Concurrent Chemoradiotherapy With Proton Radiation Reduces Short-Term Side Effects


Concurrent chemoradiotherapy with proton radiation can reduce short-term side effects that caused unplanned hospitalizations, with similar disease-free and overall survival, compared with photon radiation.

Concurrent chemoradiotherapy with proton radiation can reduce short-term side effects that caused unplanned hospitalizations, with similar disease-free and overall survival, compared with photon radiation, according to study results published in JAMA Oncology.

“These findings suggest that, in adults with locally advanced cancer, proton therapy with concurrent chemoradiotherapy may significantly reduce severe adverse events compared with photon therapy, with comparable oncologic outcomes,” the researchers wrote.

Concurrent chemoradiotherapy is a standard-of-care curative therapy for locally advanced cancers; however, this treatment option can be associated with significant morbidities like oral mucositis, esophagitis, nausea, vomiting, significant weight loss and radiation-induced lung injury that can all result in unplanned hospitalizations. In turn, these morbidities can diminish the effectiveness of treatment and decrease patient performance status.

Photon therapy has been administered for decades, but proton radiation therapy has emerged as an alternative. “Proton therapy as part of concurrent chemoradiotherapy may be able to reduce treatment toxicity, but limited data are available comparing results of proton chemoradiotherapy with chemoradiotherapy delivered with photon therapy, and proton therapy remains unproven in this setting,” the researchers wrote.

Therefore, they compared the rate of severe 90-day side effects associated with unplanned hospitalizations or other side effects and similar disease-free and overall survival for patients treated with proton (391 patients), versus photon chemoradiotherapy (1,092 patients) in 1,483 patients with nonmetastatic, locally advanced cancer.

The majority of patients were men (63%). Median age was 62 years; however, patients who received proton therapy were significantly older at a median age of 66 years. In addition, these patients had less favorable comorbidity scores and lower integral radiation dose to tissues outside the target tumor location.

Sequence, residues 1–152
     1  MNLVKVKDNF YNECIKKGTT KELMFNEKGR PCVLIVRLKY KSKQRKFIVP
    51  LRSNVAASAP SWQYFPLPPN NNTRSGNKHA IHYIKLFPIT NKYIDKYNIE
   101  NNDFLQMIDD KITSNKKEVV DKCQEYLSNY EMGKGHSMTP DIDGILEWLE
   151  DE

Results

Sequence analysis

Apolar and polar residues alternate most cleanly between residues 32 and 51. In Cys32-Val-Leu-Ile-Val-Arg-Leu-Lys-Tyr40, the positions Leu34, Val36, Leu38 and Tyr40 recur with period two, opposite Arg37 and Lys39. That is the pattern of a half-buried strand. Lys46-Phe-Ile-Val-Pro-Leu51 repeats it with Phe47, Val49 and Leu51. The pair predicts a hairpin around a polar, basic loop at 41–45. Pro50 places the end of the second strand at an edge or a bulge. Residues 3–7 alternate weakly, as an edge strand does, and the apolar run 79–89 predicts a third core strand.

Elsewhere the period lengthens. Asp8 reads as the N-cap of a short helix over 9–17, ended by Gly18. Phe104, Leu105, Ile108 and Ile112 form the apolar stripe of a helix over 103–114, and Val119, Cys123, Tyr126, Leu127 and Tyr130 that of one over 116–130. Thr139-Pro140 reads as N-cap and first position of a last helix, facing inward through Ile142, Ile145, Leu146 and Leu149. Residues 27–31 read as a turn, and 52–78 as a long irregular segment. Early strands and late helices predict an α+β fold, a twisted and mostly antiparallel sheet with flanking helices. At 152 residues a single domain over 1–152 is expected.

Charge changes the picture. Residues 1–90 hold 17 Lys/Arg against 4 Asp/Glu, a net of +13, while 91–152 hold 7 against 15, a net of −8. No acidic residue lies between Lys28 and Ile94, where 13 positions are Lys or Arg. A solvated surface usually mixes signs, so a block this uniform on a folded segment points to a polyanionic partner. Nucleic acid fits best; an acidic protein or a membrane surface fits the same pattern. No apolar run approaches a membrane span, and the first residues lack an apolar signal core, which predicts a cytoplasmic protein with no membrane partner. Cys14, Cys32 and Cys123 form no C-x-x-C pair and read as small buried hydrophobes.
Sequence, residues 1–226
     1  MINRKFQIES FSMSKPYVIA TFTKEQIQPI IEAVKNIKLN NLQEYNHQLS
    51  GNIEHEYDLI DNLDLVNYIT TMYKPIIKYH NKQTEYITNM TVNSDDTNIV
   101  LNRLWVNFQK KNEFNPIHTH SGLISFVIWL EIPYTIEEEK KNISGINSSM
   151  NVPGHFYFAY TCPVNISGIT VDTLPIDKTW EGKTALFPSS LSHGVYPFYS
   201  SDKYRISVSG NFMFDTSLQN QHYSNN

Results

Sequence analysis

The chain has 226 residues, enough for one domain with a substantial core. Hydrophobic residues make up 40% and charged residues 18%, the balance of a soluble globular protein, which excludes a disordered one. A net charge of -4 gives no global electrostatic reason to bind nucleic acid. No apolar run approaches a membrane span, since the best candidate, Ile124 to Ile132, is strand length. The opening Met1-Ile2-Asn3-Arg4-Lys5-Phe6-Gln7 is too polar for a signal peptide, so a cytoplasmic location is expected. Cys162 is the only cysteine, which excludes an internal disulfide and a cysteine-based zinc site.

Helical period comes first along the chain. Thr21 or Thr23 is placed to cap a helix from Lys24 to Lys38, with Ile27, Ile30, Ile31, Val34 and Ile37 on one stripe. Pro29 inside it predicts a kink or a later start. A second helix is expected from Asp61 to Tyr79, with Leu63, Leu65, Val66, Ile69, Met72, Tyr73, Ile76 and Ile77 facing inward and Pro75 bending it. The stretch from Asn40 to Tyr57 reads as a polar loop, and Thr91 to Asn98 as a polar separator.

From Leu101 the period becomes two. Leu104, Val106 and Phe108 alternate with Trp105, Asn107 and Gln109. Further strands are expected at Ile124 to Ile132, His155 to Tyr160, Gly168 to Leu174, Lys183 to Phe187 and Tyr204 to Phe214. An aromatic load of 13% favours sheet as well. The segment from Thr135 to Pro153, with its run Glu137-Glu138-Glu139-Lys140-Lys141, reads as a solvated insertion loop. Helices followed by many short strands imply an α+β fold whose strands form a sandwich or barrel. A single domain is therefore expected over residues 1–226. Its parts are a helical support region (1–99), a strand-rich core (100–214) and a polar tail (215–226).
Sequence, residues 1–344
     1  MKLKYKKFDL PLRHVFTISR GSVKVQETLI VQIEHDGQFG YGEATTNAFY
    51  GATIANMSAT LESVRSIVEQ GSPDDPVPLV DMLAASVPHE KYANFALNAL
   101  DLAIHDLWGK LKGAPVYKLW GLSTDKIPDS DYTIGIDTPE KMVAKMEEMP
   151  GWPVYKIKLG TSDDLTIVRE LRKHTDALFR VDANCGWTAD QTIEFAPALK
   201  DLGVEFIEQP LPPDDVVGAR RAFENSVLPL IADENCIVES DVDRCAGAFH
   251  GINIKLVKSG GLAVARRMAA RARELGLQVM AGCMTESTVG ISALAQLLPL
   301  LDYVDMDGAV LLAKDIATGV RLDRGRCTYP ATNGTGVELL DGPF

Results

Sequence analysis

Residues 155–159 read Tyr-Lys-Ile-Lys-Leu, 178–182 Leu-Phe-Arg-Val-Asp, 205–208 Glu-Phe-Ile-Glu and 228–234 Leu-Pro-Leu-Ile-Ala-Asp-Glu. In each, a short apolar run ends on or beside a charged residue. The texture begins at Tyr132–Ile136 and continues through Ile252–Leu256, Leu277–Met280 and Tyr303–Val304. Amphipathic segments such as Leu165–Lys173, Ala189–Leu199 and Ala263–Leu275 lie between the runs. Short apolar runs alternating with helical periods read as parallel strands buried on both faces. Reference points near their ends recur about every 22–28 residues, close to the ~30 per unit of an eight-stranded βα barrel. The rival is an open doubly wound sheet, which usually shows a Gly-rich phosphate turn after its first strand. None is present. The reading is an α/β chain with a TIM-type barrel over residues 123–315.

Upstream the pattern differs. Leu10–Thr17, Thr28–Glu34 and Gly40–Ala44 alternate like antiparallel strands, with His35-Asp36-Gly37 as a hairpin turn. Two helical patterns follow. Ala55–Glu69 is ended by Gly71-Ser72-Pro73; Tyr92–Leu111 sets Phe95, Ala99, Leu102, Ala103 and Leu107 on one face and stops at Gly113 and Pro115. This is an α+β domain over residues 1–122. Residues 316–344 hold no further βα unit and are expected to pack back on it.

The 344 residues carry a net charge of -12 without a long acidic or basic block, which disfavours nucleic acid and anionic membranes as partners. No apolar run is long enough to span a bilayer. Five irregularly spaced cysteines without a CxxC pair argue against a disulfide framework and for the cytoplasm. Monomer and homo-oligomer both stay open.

Baseline grade 2 or higher toxicities and ECOG performance status, which describes a patient's level of functioning in terms of their ability to care for themselves, daily activity and physical ability, were similar among both groups.

Proton chemoradiotherapy was associated with a significantly lower relative risk of 90-day side effects of at least grade 3, 90-day side effects of at least grade 2 and decline in performance status during treatment. “We observed substantial morbidity associated with conventional photon chemoradiotherapy; 27.6% of patients developed severe 90-day adverse events associated with unplanned hospitalizations, whereas in the proton group, 11.5% of patients had severe 90-day adverse events,” the researchers explained.

There was no difference in disease-free or overall survival. “This finding is noteworthy because it suggests that, with careful delineation of the target volume, proton therapy is not associated with worse cancer control outcomes that could occur due to a marginal miss if the proton beam stops short of covering the full extent of the subclinical disease,” the researchers added.

They concluded that there are now three important implications for future research. “First, proton therapy’s lower observed toxicity and its more favorable association with performance status at least raises the tantalizing possibility that the higher up-front cost of proton therapy may be offset by cost savings from reduced hospitalizations and enhanced productivity from patients and caregivers,” the wrote.

“Second, the lower observed toxicity of proton therapy offers an opportunity to explore clinical trials combining proton therapy with intensified systemic therapy and/or dose-escalated radiotherapy, which may, in turn, improve survival outcomes,” the researchers added. “Third, in our study, older patients with more comorbid disease were more likely to receive proton therapy and experienced less toxicity; thus, proton therapy may allow older patients with more comorbidities to receive the most effective combined-modality treatments.”

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